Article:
“I became interested in the Climate Solutions Generator because I’ve had a lot of conversations with friends and family who care about climate change but don’t know how to best make an impact. Coordinating the CSG is a great opportunity to work with that demographic of people who care and want to explore their change-making abilities, while also honing my skills as a climate innovation mentor.” — Anelise Zimmer, YSE
The intensive drew a large cohort, despite the fact that it was a voluntary, extracurricular activity: students participated out of interest alone, rather than for academic credit or pay. One common theme in students’ motivations? A sense of urgency when it comes to climate change.
“As a purely extracurricular addition to already busy schedules, I was pleasantly surprised that so many students wanted to participate in the CSG. And there was such a cross-cutting representation of the Yale network. Coming from the environment school, I anticipated that the majority of those participating would be from YSE. But I was wrong. It was so inspiring to see that so many Yale students care about climate change and want to work together on finding lasting, innovative solutions.” — Talia Rubnitz, YSE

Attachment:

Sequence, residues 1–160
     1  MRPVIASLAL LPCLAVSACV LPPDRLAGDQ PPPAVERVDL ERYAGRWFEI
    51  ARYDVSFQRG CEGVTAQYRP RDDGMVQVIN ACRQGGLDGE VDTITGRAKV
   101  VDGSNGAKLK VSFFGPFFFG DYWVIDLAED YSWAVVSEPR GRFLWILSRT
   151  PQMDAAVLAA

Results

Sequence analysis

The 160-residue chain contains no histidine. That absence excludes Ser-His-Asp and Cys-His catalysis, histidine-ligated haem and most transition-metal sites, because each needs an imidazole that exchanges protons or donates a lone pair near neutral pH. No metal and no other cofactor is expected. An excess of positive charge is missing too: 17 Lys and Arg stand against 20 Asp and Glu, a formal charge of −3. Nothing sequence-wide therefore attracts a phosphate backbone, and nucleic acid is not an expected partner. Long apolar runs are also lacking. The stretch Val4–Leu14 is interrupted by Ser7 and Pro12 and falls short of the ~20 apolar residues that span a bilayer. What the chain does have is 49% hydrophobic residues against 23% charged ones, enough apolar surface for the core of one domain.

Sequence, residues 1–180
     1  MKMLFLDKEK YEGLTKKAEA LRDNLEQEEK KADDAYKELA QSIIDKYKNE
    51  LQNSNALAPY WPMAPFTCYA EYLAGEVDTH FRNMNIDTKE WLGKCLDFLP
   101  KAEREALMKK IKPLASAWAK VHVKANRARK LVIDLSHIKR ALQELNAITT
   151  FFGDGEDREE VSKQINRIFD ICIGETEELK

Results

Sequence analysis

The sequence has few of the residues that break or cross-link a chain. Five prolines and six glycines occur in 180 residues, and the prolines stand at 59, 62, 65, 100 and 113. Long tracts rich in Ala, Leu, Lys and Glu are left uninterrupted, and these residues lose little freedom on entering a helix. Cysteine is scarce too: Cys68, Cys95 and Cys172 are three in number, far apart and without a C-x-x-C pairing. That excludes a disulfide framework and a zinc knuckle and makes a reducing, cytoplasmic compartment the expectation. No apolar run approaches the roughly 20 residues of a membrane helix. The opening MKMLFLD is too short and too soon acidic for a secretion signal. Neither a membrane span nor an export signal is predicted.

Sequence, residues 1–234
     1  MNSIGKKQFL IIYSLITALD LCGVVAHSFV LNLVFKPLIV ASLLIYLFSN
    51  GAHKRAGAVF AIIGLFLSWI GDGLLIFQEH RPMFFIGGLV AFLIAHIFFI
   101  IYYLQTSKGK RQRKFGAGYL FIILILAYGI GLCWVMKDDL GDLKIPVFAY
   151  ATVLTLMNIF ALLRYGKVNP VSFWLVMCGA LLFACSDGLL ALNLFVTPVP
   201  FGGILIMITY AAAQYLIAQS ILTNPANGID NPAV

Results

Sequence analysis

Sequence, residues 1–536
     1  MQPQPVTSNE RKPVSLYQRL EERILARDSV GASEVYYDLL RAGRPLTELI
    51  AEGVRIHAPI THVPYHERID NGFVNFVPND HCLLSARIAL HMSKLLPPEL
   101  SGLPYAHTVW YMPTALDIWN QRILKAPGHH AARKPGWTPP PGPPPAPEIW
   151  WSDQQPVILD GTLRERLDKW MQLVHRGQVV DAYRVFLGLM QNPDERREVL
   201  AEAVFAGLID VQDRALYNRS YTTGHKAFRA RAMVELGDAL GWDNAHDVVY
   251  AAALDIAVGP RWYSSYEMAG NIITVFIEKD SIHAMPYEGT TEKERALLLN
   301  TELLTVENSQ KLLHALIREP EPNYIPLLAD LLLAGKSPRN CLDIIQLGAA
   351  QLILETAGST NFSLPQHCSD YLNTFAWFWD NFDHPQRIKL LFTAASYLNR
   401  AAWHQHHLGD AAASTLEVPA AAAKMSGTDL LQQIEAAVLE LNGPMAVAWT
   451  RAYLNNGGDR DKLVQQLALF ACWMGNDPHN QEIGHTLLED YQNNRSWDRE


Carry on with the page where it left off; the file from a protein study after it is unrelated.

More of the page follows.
This focus on connecting with a cross-campus community was another key motivator for many students.
“I wanted to get the chance to create an impactful solution and learn from graduate students. In my undergrad coursework, I’ve gained a lot of knowledge about climate change, but I wanted to use CSG to actually apply my knowledge and passions to hopefully create a solution that has a lasting impact. Additionally, as an undergrad, I wanted to expand my network and learn about career paths and the different graduate schools from grad students!” — Bennett Hall, Yale College